National security is, obviously, important. There is no doubt the government needs to be able to investigate people or groups that pose a risk to our country. However, there is something wholly unsettling about this law.

Speaking in January David Cameron said there should be no form of communication the government was unable to read. Again, think about what that actually means. Why should the government be able to read your texts or your emails. Why should they be able to see what you are buying, reading, watching? What is to stop the system being abused? The media was raked over the coals for phone hacking, but how is this any different? Government has a responsibility to maintain civil rights for all its citizens. This law runs the risk of treating everyone as a criminal until it is proven otherwise. Guilt should not be assumed and then proven after the fact.

The problem is the government plays to our fear. Terrorism is, and remains, a very real threat, but it seems as if this is the excuse for stripping away privacy.

Additionally, if Cameron follows through on his pledge made in January it could see internet security measures such as encryption outlawed or heavily regulated. This could leave data insecure.

As if all of that wasn’t bad enough, reportedly the government also amended the Computer Misuse Act covertly. This granted law enforcement agencies immunity from prosecution for a variety of activities conducted during surveillance operations, which would under normal circumstances be illegal.

The amendment was passed in March but came into law this month. It allows people considered to be criminals to have their laptops, smartphones, tablets, and other digital systems hacked. This comes back to the earlier point of guilt being assumed before it is proven. Just because the guy living two doors down is a bit odd doesn’t mean the police can go rifling through his mail. Why, then, should they be able to hack his email? The law has to protect the public, but it also has to protect the individual, particularly the innocent individual. Perceived guilt is not the same as actual guilt, which leads to the question: what criteria will be in place to decide who should be hacked and who is regulating these guidelines?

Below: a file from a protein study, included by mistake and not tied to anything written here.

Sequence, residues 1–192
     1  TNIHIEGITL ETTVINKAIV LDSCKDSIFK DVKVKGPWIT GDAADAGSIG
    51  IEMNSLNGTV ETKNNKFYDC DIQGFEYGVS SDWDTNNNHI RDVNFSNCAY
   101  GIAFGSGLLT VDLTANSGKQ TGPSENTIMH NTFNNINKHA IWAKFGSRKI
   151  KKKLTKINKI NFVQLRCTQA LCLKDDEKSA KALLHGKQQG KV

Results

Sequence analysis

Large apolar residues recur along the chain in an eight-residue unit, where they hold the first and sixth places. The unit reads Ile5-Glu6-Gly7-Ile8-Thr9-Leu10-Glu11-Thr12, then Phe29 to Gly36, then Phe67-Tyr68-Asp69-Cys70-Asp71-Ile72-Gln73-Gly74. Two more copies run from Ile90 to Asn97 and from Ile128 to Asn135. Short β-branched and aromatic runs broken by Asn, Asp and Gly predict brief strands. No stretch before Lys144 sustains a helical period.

Privacy International was one of many organisations to express its concern at this measure. Deputy Director Eric King said: “The underhand and undemocratic manner in which the government is seeking to make lawful GCHQ’s hacking operations is disgraceful.

“Hacking is one of the most intrusive surveillance capabilities available to any intelligence agency, and its use and the safeguards surrounding it should be the subject of proper debate.